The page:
So here’s another side dish to try, love and then add to your repertoire.
And now we’re onto #4. Imagine a side dish that you can knock up in single digit minutes and that will have a transforming effect on even the simplest of meals. This is the magic wand of side dishes – a mighty side dish – a side dish that has the power to transform the dull into the spectacular. A superhero of side dishes. This is Cacik.
Cacik (pronounced jajek), is a Turkish dish commonly found in a mezze style spread. It’s somewhere in between a Raita and a Tzatziki – think Raita with added garlic or Tzatziki without the lemon. It’s thick, creamy yoghurt with cucumber, mint and garlic and it’s the garlic that packs the punch and brings a bit of wam bam impact.
This won’t be the first time you’ve heard of this type of side dish for sure, but sometimes we need a little nudge to get it back on our radar – a reminder of how good it is, but also how much lovelier it is when you make it yourself and most importantly how very useful it is to have in your armoury. This is definitely the side dish that I make more than any other. It’s the dish that I throw together to unite other dishes and to add a little ‘va va voom’ to a meal that feels a bit dull.
It’s affectionately known as ‘Finn’s Favourite Sauce’ in our house – and quite clearly Finn has great taste.
And here’s why this side dish will soon be your favourite … as well as Finn’s –
- It’s a dish that can be many things – a dip for tortilla chips, a dressing, an ‘alongside other things’ salad or part of a mezze style spread.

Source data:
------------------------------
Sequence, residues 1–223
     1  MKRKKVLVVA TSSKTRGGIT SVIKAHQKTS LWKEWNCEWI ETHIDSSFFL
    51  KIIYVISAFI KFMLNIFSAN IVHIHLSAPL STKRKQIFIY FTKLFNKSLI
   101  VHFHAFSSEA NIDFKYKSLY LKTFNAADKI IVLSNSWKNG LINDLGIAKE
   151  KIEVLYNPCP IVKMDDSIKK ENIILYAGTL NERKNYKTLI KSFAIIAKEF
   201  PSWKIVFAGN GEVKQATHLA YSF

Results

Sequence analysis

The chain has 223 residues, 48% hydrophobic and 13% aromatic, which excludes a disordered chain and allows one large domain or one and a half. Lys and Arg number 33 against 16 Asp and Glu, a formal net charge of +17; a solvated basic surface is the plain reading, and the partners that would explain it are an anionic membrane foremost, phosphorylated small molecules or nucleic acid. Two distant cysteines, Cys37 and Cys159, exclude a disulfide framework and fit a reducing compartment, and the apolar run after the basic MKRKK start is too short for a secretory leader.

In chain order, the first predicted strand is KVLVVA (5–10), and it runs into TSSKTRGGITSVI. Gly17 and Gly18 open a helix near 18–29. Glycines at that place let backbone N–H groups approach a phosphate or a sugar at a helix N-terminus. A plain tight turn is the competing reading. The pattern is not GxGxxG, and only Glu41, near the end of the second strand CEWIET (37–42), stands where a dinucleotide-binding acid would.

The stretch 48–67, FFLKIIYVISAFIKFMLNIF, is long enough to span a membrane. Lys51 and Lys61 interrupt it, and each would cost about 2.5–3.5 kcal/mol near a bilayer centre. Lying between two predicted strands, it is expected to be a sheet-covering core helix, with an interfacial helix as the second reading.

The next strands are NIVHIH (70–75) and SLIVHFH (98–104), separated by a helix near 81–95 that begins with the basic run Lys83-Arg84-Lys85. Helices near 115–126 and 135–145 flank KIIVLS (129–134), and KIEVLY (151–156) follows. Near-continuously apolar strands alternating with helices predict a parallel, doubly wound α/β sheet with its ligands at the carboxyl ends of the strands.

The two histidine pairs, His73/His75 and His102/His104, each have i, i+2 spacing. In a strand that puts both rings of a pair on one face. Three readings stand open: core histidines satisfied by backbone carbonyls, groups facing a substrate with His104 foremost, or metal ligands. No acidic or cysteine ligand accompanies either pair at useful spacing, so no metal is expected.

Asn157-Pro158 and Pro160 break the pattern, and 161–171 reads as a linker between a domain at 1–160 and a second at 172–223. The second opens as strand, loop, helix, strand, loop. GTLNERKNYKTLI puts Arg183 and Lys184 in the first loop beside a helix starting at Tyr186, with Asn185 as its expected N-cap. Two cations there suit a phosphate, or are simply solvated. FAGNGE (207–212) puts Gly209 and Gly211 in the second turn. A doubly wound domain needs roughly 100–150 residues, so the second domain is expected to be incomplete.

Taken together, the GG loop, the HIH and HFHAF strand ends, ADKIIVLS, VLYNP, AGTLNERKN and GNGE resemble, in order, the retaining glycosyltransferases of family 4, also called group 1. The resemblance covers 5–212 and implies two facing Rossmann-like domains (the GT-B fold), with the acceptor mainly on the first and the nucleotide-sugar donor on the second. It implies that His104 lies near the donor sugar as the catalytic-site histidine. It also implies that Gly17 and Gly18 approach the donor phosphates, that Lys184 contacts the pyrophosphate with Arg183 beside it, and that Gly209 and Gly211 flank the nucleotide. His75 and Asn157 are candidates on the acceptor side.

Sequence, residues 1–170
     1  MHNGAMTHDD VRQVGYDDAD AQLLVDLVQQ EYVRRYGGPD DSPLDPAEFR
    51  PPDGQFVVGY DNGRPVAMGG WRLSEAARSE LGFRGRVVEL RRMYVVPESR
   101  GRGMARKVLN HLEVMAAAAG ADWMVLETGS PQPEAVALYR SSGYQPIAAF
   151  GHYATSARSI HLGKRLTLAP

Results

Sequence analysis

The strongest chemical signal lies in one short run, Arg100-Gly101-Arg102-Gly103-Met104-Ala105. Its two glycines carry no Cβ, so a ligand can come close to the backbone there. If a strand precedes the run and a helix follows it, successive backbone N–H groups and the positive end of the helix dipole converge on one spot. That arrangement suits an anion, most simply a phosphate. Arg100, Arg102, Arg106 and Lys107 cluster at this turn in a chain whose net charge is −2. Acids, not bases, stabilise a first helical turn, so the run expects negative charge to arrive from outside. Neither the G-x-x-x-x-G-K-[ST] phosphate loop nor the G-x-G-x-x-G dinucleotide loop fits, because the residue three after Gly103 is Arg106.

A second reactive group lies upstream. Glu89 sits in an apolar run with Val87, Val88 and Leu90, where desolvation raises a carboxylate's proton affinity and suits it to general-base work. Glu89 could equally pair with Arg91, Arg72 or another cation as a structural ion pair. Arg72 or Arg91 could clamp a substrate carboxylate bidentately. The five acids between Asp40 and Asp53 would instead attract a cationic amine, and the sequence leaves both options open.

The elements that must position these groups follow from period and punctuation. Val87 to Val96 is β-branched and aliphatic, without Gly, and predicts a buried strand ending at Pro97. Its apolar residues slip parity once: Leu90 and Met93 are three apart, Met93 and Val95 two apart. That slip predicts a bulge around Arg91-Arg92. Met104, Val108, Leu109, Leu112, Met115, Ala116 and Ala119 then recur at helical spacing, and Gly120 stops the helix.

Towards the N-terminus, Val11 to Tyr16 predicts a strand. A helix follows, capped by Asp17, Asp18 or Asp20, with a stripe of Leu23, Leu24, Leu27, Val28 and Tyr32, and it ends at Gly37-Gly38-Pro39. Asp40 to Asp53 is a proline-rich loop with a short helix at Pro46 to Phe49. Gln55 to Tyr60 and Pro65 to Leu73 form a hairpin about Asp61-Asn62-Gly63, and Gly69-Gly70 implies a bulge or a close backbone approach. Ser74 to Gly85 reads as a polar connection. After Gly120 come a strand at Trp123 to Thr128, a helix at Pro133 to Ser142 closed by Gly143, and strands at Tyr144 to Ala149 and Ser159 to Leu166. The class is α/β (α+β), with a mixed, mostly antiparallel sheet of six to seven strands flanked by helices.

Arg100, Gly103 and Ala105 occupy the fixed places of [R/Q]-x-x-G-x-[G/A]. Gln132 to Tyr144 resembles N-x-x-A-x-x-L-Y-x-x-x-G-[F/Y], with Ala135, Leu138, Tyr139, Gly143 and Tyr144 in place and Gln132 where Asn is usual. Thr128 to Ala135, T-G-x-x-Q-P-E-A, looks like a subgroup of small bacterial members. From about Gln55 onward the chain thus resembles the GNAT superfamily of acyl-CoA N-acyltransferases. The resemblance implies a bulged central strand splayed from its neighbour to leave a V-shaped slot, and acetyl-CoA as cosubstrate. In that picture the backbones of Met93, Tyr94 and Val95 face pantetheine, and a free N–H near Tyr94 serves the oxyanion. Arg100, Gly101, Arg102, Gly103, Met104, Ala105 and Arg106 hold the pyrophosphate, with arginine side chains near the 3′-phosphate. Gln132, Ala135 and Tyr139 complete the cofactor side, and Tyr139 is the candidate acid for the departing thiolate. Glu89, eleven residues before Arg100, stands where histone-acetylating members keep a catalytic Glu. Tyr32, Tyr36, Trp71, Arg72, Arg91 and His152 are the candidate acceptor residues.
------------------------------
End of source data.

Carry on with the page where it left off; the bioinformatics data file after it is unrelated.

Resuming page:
- There’s no need to be particularly precise with quantities here. The basic guidelines are chopped up cucumber, yoghurt (the runnier the style that you choose, the more like a dressing it will become), finely grated garlic, freshly chopped mint and some salt. Depending on the proportions you can tweak it to create the consistency and taste that you prefer.
- A little drizzle of olive oil at the end will give you that cheffy ‘I know what I’m doing‘ look.
- Swap dill for mint if that’s what you have to hand; use the cucumber with or without skin. This is free form cooking.
- This is not one to make way in advance – two reasons – firstly the cucumber gets watery and makes the salad too runny, but also the raw garlic can become a bit harsh when it’s no longer freshly grated. But fear not – a dish that’s as quick as this really doesn’t need to be prepared ahead of time. Serve it chilled too.
- This really is an insanely useful dish. The other night our dinner was some leftover ham from Christmas from the freezer, a little Moroccan Couscous, a green salad and this cacik. It was yum.
- But this can also be a tasty appetiser with some fresh bread, perfect on a burger, lovely with grilled meat or oily fish, a spectacular mayo substitute in sarnies (especially with some leftover roasted lamb and a few rocket leaves), delicious on a crunchy baked potato … the possibilities are endless. A spoonful straight from the bowl is pretty good too …
Throw this together and be pleased with yourself …
- 500g (18oz) plain yoghurt - I prefer a thicker style such as Greek
- 1 large cucumber or 4 small Middle Eastern cucumbers
- salt to taste - you need to be surprisingly generous
- a large handful of fresh mint leaves, chopped
- 1-2 cloves of garlic, depending on how big they are and how garlicky you like it
- a little olive oil for drizzling
- Peel and dice the cucumber and tip it into a mixing bowl.
- Now tip the yoghurt into the bowl and add a little salt, the mint (saving a little to garnish) and a little garlic finely grated garlic (I use a Microplane). Go easy on the garlic at first - you can add more, but you can't take it away.
- Give everything a good stir and taste. You may need to add more salt and/or more garlic.
- When the flavours seem balanced, tip the cacik into a serving dish, drizzle with a little olive oil, sprinkle with the reserved mint and serve.
- This makes a large quantity. As the cacik doesn't keep well, do make a smaller amount if you won't use it all straight away.